The motor should be underneath the suspension frame.
Lay the sifting frame across the bins and move it into position.
The end loop, which is different from the others, is where you will attach the rope to the sifting frame, using a carabiner.
Carabiner the ends of the rope to the sifting frame
Side view. One suspension rope being attached.
(SIDE VIEW) Attach end loop to sifting frame.
There are 3 loop tiers. The same tier should be used for each rope. Changing tiers will adjust the incline of the sifting screen.
Attach carabiners to desired loop tier. Use the corresponding tier for each rope.
Attach each of the ropes to the suspension frame.
Attach rope to suspension frame.
The system is strong enough to do one at a time.
Attach the other rope to the suspension frame
Ensure that the switch is set to off, and the dial is turned down before plugging in.
Plug the motor into the speed control dial
If the system is near a power source, plug the speed control cord directly into the power source. In this instance, we will plug it into this extension cord.
Plug extension cord into power source. The speed control dial will be plugged into this extension cord.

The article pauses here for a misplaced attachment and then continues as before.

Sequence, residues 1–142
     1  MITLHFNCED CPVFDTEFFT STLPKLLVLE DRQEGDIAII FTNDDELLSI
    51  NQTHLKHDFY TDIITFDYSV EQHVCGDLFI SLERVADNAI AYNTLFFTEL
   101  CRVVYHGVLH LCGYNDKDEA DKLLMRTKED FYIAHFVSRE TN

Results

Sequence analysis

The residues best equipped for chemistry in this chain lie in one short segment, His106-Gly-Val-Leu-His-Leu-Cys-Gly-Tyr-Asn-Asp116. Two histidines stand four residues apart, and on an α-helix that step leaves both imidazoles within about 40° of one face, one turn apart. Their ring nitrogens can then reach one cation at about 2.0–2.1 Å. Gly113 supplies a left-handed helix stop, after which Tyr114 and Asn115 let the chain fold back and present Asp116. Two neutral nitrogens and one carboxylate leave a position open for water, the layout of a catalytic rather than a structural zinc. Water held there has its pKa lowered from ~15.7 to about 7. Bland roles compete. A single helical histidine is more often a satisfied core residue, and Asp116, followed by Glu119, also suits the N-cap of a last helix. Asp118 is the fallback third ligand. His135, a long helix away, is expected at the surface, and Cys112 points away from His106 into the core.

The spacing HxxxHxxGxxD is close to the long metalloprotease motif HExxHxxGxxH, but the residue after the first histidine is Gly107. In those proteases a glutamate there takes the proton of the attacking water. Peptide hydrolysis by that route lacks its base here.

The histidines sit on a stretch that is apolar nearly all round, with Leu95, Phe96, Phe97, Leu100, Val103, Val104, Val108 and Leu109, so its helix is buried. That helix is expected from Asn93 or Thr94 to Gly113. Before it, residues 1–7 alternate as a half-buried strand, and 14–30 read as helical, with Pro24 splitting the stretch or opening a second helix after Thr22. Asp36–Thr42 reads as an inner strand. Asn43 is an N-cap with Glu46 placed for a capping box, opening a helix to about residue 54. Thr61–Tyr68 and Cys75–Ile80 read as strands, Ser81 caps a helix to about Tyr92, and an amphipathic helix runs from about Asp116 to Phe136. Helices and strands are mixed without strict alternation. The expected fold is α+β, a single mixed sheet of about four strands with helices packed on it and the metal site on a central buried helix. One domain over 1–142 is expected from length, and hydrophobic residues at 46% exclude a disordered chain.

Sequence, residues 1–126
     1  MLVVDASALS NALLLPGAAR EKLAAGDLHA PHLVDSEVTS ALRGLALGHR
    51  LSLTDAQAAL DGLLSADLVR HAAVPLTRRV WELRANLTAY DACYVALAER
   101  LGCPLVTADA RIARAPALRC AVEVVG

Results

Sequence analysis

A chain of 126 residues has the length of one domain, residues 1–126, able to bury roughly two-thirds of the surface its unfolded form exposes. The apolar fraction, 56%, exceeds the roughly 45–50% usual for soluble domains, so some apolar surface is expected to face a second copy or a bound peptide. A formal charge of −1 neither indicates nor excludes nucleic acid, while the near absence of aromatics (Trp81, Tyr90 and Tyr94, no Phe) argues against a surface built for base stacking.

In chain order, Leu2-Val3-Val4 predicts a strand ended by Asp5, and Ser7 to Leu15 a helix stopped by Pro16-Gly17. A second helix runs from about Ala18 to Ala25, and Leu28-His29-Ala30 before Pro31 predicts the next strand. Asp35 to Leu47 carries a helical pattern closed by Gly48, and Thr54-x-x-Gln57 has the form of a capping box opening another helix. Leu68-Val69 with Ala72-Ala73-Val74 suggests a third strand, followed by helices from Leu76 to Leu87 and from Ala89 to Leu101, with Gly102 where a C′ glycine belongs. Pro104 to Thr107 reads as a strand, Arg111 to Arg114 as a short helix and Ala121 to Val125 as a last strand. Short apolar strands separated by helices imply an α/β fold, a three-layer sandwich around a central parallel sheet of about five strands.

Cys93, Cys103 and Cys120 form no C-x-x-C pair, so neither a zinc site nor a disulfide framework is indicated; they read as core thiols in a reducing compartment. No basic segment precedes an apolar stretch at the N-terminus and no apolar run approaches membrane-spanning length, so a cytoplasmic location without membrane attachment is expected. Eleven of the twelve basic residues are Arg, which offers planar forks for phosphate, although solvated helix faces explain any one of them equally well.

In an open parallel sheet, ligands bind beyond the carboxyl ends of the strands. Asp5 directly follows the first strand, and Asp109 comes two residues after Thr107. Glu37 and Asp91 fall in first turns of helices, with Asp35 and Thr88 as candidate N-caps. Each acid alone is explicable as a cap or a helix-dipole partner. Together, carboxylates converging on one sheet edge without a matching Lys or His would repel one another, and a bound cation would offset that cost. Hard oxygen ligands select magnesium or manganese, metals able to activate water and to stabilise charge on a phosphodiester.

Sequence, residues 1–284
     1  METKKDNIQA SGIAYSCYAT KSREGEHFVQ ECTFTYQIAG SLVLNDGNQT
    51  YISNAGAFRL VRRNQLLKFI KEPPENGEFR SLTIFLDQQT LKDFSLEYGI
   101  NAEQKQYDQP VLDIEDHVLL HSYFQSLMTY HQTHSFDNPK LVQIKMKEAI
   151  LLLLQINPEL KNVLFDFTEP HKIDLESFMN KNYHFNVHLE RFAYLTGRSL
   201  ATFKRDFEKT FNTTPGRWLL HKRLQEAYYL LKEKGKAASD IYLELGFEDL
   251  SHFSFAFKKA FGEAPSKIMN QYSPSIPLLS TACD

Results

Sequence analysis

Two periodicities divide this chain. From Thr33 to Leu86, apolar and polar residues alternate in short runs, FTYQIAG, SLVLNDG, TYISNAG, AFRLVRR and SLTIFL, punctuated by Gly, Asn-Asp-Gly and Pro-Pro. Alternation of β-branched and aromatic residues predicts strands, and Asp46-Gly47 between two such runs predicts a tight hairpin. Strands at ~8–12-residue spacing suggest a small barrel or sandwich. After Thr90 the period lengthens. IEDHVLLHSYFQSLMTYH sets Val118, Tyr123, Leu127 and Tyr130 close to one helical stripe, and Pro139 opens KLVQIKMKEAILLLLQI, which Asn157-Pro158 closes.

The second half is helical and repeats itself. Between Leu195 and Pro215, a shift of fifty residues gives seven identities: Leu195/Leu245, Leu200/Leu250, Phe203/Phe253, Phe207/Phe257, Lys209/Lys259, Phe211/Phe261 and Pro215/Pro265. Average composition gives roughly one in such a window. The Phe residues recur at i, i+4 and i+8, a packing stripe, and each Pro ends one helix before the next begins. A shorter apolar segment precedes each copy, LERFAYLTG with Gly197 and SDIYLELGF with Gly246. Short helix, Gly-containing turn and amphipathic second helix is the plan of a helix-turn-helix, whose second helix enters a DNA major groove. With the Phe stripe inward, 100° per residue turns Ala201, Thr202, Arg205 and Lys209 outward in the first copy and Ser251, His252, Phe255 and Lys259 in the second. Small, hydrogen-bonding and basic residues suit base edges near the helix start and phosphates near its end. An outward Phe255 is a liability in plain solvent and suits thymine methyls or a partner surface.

If you desire full power, you set the switch to "full". The motor will then be operating at full power.
With the speed control dial plugged in, switch it to variable speed control setting. "VAR"
A high "speed setting" is required to start the motor. Speed can be adjusted after the motor is started.
Turn the dial to desired speed. The motor requires the dial to be turned to a high setting to start up, but once started, power can be reduced.
Add compost to sifting screen. Spread out the material by hand is necessary.

Conclusion[edit | edit source]

Discussion/ Lessons learned[edit | edit source]

The main lesson we learned was the importance of testing and trouble shooting. For example learning that the motor was very loud on the first prototype and fixing it with a dial that lessens the power of the motor. Another example would be the wood coming out of our pure block concrete foundation which we fixed by cutting a new wood block and screwing it in with concrete screws as well as adding extra concrete screws to the other block as a precaution.